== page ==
hardtail-xc-bikes

full-suspension-xc

Hardtail Bike Full-Suspention Bike

The choice between a full-suspension or hardtail (front suspension only) cross-country bike can seem very complicated since there are so many choices among both full-suspension and hardtail bikes - many choices among suspension styles, frame styles, component groups, etc.  Each type of bike has its advantages and disadvantages, but there are a few very important factors to consider:

  • price,
  • what the bike will be used for, and
  • personal preference.

Price:  Hardtail bikes are cheaper than full-suspension bikes.  Hardtails are cheaper because they don't have complicated frame and suspension designs; so, they offer a better value for the price - often half the price of a comparable full-suspension bike with the same components.  On similarly-priced hardtails vs. full-suspension bikes, the components will be much higher quality on the hardtail.  As an example, $1,000 is currently considered a mid-level price for a hardtail but very entry-level for full-suspension.  A good price to look for in full-suspension bikes is around $2,000 - this will buy a good, reliable, lightweight bike with high quality components, a bike that most riders will not need to upgrade for many years.  Currently, just over $2,000 is the "magic" price for full-suspension bikes - the perfect mix of quality components and relative affordability; by comparison, $2,000 buys a very, very nice, lightweight hardtail with race-level components.

The second factor to consider is use:  if the rider is considering riding very rough, technical, steep terrain, then a full-suspension bike is the better choice because it gives a much smoother and confident ride.  On rough, rocky trails, a full-suspension bike will help keep the wheels in contact with the ground.  This gives the rider much better control of the bike (it's difficult to steer a bike that's partially airborne).  Full-suspension bikes are heavier than hardtails, though, and less efficient.  Riders who are more interested in climbing than descending, want a very lightweight, efficient bike, or those who ride relatively smooth trails, a hardtail is the better choice.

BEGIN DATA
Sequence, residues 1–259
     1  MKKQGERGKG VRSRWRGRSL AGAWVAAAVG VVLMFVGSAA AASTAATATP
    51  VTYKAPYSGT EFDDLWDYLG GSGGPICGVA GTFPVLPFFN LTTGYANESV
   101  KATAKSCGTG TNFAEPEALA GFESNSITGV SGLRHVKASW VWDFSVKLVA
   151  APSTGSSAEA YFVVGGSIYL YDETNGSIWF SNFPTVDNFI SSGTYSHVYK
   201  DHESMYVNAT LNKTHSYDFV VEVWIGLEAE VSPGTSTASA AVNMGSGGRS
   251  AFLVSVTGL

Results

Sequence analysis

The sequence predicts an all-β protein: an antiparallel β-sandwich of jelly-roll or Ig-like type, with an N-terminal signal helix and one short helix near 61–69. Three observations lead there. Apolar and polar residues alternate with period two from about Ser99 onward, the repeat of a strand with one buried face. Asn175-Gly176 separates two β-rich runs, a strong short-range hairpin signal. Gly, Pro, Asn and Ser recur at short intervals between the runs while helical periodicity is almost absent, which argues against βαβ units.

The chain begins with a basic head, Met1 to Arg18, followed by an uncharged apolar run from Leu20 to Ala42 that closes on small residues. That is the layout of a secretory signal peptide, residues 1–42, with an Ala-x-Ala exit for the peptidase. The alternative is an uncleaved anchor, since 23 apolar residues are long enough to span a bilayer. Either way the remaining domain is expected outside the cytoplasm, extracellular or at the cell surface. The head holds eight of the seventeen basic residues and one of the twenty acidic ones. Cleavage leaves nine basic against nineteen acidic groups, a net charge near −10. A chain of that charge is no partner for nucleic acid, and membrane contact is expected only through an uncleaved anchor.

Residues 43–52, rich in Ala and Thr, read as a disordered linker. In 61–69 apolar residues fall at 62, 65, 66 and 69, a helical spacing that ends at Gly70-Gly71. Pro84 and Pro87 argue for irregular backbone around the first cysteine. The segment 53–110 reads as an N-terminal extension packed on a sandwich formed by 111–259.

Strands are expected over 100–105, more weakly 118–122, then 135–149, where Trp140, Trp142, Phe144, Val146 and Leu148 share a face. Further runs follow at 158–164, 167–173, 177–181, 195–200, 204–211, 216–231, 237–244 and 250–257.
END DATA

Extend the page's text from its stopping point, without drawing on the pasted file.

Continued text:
The third factor is personal preference:  the best way to decide which type of bike to buy is to test ride several.  A rider may prefer the soft ride of a full-suspension, and may be willing to spend more money and sacrifice a bit of light weight and efficiency for that comfort.  Or, a rider may decide that a hardtail is more fun to ride.  Test riding two different bikes over the same terrain is the best way to compare them.